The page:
MEMPHIS, Tenn. — Some states like Arkansas are finding themselves vulnerable to measles because of decade old exemption loopholes that some parents are using to avoid vaccinations.
"We certainly give them plenty of information to try to change their mind if you will and to show them the effectiveness of vaccines and the reasons we would like to have them vaccinated instead of giving an exemption.," Virginia Lancaster, with the Arkansas State Health Department, said.
Lancaster, who's in charge of special projects with immunizations, says they can't stop parents from exercising their right to opt out of vaccinating their children for religious or philosophical reasons. But they try to inform, and there is a process involved. "It has to be notarized so a parent has to take the form to a notary."
According to the Arkansas State Health Department, that is keeping a handle on things.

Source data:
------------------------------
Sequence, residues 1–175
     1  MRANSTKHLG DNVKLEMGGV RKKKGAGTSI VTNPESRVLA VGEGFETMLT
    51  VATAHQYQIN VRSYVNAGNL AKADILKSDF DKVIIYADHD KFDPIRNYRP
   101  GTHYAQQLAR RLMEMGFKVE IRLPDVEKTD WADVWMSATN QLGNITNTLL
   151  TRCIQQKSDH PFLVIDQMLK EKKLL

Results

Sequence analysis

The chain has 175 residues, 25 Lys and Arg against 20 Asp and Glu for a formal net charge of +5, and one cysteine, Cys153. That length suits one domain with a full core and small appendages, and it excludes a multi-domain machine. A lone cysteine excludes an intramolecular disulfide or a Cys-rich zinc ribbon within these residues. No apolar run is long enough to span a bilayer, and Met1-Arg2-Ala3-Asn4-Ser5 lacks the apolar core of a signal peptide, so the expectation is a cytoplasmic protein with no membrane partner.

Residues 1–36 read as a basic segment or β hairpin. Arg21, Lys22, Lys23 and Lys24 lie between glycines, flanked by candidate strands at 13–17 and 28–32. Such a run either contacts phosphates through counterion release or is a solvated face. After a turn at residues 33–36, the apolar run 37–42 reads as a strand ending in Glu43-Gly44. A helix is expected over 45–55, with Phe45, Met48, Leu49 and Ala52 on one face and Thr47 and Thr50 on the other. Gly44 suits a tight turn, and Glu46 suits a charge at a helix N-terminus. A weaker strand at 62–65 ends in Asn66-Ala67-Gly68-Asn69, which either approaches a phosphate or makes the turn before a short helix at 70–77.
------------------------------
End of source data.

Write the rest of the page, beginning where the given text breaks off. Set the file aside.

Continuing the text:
"Less than two percent of our students in Arkansas are seeking exemptions," Dr. Gary Wheeler, Chief Medical Officer with the Arkansas Health Department, said. He says social media is stirring up the rebellion. "There's no secret there's a community of people who are opposed to vaccinations."
Infectious Disease Physician Dr. Steve Threlkeld agrees that conflicting information seems to be confusing people and leading them to put others in danger. "Some bad science was done that has now completely refuted and shown to be false. Measles is a very real disease that is extremely contagious."
But these experts say there's an uplifting change coming to Arkansas.
Some schools will have to report their immunization rate. Experts say that will put a spotlight on under-immunized schools and hopefully sway parents towards changing their thought process.
"We have to be careful and make sure we have really good reason not to take a vaccine before we eliminate from ourselves the benefits and take on the risks,"
Exemptions can also be requested for medical reasons in Arkansas, but they require verification from a doctor.